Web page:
Forty-two years ago Polish Karol Wojtyła became the Pope “from a distant land” but as the head of the Polish Episcopal Conference (KEP), the highest administrative body of the Catholic Church in Poland, Archbishop Stanisław Gądecki wrote “in this phrasing, the distance referred not to the geographic but to the fact that the man hailed from behind ‘the iron curtain’. He, however, never agreed with the division of Europe.”
Having written for the “Wszystko co Najważniejsze” magazine, the KEP head stressed that John Paul II did not eschew difficult matters.
The Archbishop recalled that the future Pope John Paul II, Karol Wojtyła was born in the year of the Battle of Warsaw (1920). “He experienced the German occupation and the communist regime which seized power in Poland after WWII. Encountering both totalitarian systems, the German and the Russian, just like the experience of being a physical worker influenced his worldview deeply,” Abp Gądecki wrote.
“He never agreed with the [Cold War era] division of Europe. He stressed the right of all nations of Europe to join the process of the continent’s unification. This thought often faced opposition,” the KEP head noted, recalling that John Paul II wrote in his Centesimus annus encyclical that at the time many believed that the world order established as a result of WWII could only be altered with another war.
“Meanwhile, John Paul II adopted a thoroughly different defensive strategy for Europe and the Church in Central and Eastern Europe – the strategy of ministry. He launched Vatican Radio programmes aired in the languages of Central Europe and new editions of L’Osservatore Romano in new languages. While analysing the underlying causes of the West’s failure at the hands of the world of communist atheism he pointed out that the West does not lack experts, albeit it does lack experienced people who would be free from marxism-induced complexes,” the Archbishop wrote.
Recalling the first pilgrimage of John Paul II to Poland, the KEP head wrote that it became an impulse for the blue-collar workers’ resistance of 1980 and the creation of the Independent Self-governing Trade Union “Solidarity” (NSZZ “Solidarność”). It was “Solidarity” that initiated the fall of communism in Europe.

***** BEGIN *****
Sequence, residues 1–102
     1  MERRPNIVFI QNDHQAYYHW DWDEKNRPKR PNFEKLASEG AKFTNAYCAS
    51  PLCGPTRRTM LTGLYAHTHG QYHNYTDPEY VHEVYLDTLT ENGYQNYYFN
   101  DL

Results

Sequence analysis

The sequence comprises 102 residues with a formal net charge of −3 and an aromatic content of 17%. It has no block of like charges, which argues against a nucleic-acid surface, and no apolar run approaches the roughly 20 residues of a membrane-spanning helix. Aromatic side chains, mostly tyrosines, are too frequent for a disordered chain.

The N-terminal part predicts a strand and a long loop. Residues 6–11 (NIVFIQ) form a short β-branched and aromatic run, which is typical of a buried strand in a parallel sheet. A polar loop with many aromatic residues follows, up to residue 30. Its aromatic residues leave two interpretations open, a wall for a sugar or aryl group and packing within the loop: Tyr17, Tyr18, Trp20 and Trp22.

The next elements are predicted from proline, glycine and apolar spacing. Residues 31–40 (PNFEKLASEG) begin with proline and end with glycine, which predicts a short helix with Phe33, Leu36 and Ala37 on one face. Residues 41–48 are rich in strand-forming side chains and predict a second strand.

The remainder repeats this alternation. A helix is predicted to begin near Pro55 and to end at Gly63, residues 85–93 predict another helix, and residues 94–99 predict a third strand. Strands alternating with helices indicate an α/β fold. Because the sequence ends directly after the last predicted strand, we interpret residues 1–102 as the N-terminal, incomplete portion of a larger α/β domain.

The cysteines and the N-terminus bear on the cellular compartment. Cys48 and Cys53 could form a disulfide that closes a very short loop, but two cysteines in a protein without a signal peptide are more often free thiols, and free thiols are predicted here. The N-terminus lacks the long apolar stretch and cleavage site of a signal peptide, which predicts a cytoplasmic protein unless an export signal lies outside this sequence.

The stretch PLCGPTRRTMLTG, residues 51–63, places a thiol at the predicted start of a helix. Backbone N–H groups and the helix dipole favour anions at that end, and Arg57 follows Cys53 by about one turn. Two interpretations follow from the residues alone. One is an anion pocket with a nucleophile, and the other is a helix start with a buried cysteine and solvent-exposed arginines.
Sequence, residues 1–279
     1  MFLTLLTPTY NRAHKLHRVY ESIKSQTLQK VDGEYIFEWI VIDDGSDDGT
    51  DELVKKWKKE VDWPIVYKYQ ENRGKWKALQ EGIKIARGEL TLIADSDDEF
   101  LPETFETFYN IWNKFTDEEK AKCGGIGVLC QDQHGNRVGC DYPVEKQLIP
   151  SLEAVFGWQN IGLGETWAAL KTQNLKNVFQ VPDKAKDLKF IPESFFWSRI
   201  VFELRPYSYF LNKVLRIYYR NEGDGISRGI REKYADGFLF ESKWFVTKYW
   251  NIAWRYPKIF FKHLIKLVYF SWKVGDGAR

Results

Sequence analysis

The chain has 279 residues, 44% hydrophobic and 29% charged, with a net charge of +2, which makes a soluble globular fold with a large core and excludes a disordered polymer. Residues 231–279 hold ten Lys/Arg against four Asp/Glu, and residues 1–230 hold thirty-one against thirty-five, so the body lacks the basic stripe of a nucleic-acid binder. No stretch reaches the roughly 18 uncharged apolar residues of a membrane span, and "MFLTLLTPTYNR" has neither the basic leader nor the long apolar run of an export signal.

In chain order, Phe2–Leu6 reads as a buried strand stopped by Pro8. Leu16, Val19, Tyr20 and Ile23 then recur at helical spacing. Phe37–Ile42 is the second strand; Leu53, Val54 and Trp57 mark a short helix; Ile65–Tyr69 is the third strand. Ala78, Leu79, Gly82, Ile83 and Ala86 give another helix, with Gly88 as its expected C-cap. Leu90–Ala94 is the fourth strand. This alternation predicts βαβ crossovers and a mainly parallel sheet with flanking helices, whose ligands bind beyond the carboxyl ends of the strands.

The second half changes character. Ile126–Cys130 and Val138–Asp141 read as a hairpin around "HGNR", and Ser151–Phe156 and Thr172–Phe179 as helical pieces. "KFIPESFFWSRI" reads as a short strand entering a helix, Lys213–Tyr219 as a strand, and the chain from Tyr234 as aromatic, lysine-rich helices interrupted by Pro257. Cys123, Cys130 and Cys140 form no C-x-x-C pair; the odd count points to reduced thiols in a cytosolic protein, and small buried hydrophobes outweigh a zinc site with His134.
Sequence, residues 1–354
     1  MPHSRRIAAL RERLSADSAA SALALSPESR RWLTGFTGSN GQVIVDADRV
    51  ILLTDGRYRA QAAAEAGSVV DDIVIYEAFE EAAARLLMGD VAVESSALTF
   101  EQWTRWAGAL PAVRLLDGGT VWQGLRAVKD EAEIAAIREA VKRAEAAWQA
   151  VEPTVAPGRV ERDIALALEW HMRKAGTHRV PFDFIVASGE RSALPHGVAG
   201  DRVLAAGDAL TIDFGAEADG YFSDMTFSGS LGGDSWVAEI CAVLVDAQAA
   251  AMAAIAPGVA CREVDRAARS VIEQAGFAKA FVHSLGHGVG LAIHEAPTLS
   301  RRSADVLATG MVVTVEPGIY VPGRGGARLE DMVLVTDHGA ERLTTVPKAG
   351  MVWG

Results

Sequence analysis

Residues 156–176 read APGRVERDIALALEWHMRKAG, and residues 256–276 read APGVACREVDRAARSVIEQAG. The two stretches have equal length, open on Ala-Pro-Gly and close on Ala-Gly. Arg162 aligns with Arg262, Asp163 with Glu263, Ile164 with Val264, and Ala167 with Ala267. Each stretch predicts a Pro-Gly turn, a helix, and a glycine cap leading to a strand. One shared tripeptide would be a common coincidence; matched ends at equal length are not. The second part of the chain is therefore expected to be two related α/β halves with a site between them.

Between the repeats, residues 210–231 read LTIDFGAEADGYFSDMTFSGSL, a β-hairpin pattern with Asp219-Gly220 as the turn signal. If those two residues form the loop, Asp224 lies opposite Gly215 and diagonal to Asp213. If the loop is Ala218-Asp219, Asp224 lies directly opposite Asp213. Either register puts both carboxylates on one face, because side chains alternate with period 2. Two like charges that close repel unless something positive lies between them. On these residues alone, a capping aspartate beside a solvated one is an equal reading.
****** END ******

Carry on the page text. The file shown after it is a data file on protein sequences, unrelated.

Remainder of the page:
“The Pope provided spiritual and intellectual support to anti-communist opposition in Central Europe publishing, among others, the encyclical on theology and spirituality of human labour and teaching solidarity ethics. The price, which he paid for engaging in this dialogue with the world of the working-class was the attempt on his life. It seems that Saint John Paul II deserved to be introduced to the group of popes customarily called ‘the Greats’,” the KEP head wrote.
Abp. Gądecki stressed that John Paul II was also a staunch defender of the right to live from the moment of conception to natural death. “He bequeathed to us a grand manifesto of the defenders of life that the Evangelium vitae encyclic is. He also left us with his reflections on the ulterior phase of life in his ‘Letter to elderly people’. He paid attention to the dramatic change taking place in western civilisation.”
As the KEP head highlighted while writing on marriage and family, John Paul II did not eschew difficult topics. “John Paul II, as the Pope of the Divine Mercy, was convinced that mercy does not leave a fallen man but lifts him from his sin, returning the dignity of the son to him. This also refers to married couples who, just like the prodigal son, live the conviction of lost dignity of a husband or a wife. It is also possible in their life to return to the house of Father and redeem their dignity stemming from the sacrament of marriage. God, our Lord, has not turned away from them either. In this context, it is important to stress that during John Paul II’s canonisation, Pope Francis called him ‘the Pope of Family’,” the KEP head wrote.